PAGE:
Looking Ahead to January 2006

The Chevy Chaser, Lexington

By Susan Westrom
State Representative for the 79th District

By the time you read this, we will be one month closer to our 2006 General Assembly regular session. Many people do not know that productive legislators begin preparing well in advance of the opening day of session. Although we spend the interim increasing our knowledge base in committee meetings, it is also a time to prepare legislation that will be filed in January. I promised in my last article to update you this month about my legislative agenda.

In August, I discussed the growing problem of diploma mills and my plan to reintroduce the bill in January that I filed last session. By that time, I will have testified before the Licensing and Occupations Committee to educate committee members from the House and Senate about the issue. This should assist it in passage when the session rolls around.

In July I wrote about the importance of updating our animal cruelty laws. My bill dealing with this issue is being edited at this time. The original draft came back to me with a section outlawing cockfighting in Kentucky. Anyone who has lived in Kentucky knows that the quickest way to kill a bill regarding animal cruelty legislation is to include that topic. There are people in areas of our state who, whether we agree or not, enjoy cockfighting as a sport of choice. Believe it or not, they have a very loud voice, particularly in rural areas. It is very telling to me that my reading audience responded more to my July article on animal cruelty than on any I have written since becoming a contributor to Chevy Chaser Magazine!

I have redrafted my family-friendly jury bill that I wrote about in April. You may review that on my Web site under “Westrom Editorials.” I am hopeful that more people will get involved by lending their voice, since home caregivers of young children and the fragile elderly often do not have a safety net caregiver, but would gladly serve on jury duty when those responsibilities lift.

I will spend a great deal of energy in 2006 on the topic of human trafficking. In case you have never heard of this term, it is when people are lured by traffickers to leave their home for a foreign destination with promises of employment and prosperity. The perpetrators may recruit through advertisements offering good jobs in exciting cities, or use fraudulent travel, modeling, or matchmaking agencies to lure unsuspecting young men and women-only to steal their official papers and ultimately sell them to be used in trafficking schemes. Human trafficking is now the third largest criminal industry in the world after drugs and arms dealing. The United Nations estimates that up to four million adults and children are trafficked around the world for purposes of forced prostitution and labor every year.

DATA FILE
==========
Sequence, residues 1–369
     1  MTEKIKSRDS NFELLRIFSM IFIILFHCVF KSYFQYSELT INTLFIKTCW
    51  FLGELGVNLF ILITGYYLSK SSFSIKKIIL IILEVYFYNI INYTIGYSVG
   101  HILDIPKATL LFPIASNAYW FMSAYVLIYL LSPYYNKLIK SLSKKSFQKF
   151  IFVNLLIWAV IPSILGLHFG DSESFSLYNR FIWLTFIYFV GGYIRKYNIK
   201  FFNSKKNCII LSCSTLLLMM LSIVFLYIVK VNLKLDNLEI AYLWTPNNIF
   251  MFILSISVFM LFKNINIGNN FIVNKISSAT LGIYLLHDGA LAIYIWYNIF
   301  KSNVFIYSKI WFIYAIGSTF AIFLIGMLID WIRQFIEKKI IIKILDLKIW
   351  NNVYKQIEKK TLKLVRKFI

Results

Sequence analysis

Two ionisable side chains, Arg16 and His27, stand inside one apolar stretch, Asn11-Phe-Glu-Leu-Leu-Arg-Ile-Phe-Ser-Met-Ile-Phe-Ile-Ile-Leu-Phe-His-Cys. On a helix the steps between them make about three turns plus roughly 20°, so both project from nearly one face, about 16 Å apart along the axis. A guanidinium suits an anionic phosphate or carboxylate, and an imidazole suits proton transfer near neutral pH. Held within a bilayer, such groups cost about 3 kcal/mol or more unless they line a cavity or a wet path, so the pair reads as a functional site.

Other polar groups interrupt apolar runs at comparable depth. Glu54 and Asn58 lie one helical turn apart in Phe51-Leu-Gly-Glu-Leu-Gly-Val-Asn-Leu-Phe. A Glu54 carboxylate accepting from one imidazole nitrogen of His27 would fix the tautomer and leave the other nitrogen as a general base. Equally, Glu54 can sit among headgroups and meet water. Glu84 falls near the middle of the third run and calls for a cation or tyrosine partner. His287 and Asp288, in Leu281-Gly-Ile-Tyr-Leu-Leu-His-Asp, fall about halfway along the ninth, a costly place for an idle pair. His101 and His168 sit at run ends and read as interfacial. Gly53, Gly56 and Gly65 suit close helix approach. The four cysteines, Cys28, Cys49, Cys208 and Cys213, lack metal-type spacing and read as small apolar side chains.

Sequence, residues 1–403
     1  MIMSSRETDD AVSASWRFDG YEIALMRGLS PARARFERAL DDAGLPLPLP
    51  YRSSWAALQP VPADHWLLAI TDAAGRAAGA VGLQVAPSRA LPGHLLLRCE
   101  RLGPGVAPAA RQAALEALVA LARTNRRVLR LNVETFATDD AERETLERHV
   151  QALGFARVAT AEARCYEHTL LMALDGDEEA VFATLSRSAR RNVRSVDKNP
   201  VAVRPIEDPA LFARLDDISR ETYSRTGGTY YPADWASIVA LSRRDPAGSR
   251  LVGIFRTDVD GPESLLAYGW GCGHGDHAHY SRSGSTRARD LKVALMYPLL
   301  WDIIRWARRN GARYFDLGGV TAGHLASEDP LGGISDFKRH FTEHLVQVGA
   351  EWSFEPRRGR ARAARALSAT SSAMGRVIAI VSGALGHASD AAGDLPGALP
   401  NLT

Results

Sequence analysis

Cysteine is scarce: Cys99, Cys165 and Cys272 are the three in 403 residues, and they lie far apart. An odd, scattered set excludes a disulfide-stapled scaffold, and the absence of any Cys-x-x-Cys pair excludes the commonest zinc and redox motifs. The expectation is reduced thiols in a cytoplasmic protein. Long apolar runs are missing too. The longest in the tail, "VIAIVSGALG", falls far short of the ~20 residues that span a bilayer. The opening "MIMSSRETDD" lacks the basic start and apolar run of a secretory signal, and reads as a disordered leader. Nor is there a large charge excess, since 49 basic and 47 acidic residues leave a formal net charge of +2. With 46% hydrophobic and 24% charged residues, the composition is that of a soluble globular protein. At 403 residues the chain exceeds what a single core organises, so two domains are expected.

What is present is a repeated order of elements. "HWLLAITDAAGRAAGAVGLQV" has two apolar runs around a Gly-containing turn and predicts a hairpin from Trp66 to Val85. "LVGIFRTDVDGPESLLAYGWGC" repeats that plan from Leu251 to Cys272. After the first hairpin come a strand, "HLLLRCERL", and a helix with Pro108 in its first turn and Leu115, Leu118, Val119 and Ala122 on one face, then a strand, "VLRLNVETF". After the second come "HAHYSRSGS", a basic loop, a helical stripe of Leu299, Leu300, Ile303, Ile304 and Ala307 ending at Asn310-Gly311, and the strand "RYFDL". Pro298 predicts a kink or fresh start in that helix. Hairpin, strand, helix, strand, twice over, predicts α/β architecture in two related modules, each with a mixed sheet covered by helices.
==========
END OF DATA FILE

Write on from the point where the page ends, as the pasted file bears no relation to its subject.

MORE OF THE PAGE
You may wonder what this has to do with Kentucky. I became interested in the human trafficking topic eight years ago when a “spa” was raided in Lexington, and all those arrested for prostitution were foreign-born women. I frequently wondered what was really going on. Two years later, I learned at a meeting in Washington that it was very likely these women were victims of what is now understood to be “human slaves,” or more commonly known as victims of human trafficking. In 2004, two Asian-run massage spas were shut down in Shepherdsville and four people were arrested for promoting prostitution. There is an ongoing case in Louisville involving over 100 people who were ultimately indicted after an eight-year investigation into massage parlor prostitution. It is apparent that Kentucky is a passthrough state for such crimes and most people do not even know it. I believe it is our moral obligation to partner with the U.S. Department of Justice by placing legal consequences for human trafficking at the state level aimed at the perpetrators of this crime. I will refile the bill I sponsored in 2003, which passed the House but did not progress in the Senate due to the short session. This model task force legislation is now pending or has been adopted in 16 states in our country. I will keep you posted on my progress in 2006.

I send my warmest wishes to you and your family as you prepare for your Thanksgiving celebration. This has been a difficult and tumultuous year for our country, and certainly reminds us all of our many blessings. You may reach me at 502-564-8100 in Frankfort. Please visit my Web site at www.susanwestrom.com. My Lexington office number is 859-266-7581. It is an honor to serve you in Frankfort.

Susan Westrom is the State Representative for the 79th District. She can be reached at 1-800-372-7181.
e-mail: [email protected]